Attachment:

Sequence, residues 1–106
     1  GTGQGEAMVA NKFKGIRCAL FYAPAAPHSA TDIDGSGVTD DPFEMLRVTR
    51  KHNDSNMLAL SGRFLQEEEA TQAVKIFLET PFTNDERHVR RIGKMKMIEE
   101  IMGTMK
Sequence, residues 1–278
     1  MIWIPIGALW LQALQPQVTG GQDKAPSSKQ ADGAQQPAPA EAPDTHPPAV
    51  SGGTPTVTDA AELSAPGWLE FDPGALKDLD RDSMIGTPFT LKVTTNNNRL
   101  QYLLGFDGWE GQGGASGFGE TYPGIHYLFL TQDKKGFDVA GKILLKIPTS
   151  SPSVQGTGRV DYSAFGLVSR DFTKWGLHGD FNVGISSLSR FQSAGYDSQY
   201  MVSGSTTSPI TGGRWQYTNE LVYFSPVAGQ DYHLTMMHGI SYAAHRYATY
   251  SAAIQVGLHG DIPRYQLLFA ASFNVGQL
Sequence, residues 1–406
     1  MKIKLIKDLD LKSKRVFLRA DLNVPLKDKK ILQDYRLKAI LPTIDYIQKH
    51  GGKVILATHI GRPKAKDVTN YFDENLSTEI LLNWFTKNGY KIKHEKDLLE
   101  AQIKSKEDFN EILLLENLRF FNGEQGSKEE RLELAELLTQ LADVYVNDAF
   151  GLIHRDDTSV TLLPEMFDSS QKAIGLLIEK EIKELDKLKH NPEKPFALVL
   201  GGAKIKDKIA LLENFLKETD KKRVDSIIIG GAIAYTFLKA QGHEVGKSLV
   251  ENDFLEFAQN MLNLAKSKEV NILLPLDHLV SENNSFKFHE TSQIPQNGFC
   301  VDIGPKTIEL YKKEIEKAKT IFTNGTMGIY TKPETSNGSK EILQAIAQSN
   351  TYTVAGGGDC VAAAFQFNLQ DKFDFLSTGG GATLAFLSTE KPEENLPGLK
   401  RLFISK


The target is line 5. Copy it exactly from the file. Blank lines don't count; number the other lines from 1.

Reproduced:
Sequence, residues 1–278